Question
Thu February 23, 2012 By:
 

How geographical isolatikn causes evolution?

Expert Reply
Thu February 23, 2012

There are many ways in which a population can be separated geographically. A change in climate, or a geological change such as an orogenic event or continental drift may, over time, split an originally single population.

More likely is the transportation of a small sample of the population to another geographical area. This sample of the population would contain only a small proportion of the total genetic variation and differentiation would therefore occur relatively quickly, as any rare alleles will be allowed to become dominant.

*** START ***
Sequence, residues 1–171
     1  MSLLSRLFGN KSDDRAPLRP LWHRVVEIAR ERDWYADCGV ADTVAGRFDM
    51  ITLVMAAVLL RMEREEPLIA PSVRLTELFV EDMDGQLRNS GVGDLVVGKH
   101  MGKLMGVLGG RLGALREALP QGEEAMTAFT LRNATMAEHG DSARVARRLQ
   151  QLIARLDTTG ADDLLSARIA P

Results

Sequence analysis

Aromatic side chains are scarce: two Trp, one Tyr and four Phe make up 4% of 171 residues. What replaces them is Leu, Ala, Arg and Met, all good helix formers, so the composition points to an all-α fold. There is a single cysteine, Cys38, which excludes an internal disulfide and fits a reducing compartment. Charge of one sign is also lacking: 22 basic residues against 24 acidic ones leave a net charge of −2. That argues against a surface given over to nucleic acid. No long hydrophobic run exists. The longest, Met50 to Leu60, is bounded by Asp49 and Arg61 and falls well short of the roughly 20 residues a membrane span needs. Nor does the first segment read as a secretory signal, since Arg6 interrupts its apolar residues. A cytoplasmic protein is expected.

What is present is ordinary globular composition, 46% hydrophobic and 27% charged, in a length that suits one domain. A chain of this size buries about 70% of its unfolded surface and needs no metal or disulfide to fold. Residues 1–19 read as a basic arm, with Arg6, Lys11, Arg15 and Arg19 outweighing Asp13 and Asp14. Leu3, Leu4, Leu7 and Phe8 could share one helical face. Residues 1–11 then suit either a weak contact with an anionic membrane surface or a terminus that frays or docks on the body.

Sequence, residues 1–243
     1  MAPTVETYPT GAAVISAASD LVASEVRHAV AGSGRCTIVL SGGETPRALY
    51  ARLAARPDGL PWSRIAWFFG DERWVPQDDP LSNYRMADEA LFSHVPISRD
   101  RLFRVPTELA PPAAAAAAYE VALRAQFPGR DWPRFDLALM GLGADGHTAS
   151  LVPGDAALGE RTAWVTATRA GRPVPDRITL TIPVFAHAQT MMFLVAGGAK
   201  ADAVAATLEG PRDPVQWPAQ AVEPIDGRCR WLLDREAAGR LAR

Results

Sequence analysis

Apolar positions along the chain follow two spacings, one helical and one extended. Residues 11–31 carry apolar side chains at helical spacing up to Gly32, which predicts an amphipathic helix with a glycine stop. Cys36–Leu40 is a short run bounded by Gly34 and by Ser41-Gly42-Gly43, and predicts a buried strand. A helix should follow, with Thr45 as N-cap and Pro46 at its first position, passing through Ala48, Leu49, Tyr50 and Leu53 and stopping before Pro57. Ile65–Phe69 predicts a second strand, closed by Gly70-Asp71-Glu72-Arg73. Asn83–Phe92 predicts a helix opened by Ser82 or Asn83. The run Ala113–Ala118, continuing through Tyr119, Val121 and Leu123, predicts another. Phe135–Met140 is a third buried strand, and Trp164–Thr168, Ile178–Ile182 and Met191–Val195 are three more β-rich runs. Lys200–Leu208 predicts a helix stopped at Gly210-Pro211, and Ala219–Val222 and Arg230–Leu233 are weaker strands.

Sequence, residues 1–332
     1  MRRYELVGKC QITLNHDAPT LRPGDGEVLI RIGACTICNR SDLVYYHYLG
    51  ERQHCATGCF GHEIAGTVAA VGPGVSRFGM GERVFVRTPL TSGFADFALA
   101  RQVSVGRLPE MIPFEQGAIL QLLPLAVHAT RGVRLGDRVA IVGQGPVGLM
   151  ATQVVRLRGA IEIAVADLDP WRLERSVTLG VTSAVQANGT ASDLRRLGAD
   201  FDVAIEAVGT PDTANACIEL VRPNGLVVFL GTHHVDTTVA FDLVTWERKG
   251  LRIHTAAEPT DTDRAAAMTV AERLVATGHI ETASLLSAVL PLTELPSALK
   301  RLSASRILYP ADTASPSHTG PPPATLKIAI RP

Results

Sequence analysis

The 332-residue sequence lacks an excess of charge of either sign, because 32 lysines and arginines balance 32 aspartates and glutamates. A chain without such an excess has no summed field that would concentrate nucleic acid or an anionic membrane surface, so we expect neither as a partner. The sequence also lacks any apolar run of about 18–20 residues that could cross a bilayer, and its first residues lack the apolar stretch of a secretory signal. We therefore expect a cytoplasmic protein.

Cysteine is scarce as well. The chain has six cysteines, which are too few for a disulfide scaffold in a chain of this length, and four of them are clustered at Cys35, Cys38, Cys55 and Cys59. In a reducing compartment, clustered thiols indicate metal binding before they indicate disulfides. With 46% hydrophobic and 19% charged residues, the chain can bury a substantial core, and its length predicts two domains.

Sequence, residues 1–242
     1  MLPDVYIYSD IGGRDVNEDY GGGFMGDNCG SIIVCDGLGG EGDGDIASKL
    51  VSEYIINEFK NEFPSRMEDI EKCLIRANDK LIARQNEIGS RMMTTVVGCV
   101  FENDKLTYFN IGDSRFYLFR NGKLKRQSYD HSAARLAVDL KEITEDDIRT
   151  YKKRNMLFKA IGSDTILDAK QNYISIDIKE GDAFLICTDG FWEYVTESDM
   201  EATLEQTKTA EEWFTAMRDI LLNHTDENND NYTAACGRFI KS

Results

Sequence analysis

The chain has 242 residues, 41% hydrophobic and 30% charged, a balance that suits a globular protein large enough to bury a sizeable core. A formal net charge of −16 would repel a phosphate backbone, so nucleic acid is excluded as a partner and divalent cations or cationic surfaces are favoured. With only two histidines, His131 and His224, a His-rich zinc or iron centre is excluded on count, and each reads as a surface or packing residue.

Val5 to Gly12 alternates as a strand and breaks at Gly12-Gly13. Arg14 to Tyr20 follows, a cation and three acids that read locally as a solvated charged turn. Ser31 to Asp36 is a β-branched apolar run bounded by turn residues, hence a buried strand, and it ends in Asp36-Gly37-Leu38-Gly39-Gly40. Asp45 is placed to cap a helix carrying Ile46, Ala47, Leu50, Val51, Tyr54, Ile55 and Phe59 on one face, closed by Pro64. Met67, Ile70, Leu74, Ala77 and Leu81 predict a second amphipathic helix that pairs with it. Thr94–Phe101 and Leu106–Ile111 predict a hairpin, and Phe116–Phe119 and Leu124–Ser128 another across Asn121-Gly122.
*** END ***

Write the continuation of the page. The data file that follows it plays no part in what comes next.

Once a population has been split by geographical isolation the new populations will evolve independently. This is both from adaptation to environments and non-adaptively by random genetic drift. So geographic isolation causes individuals of an original species to accumulate sufficient genetic differences to prevent them breeding with each other when they are reunited.

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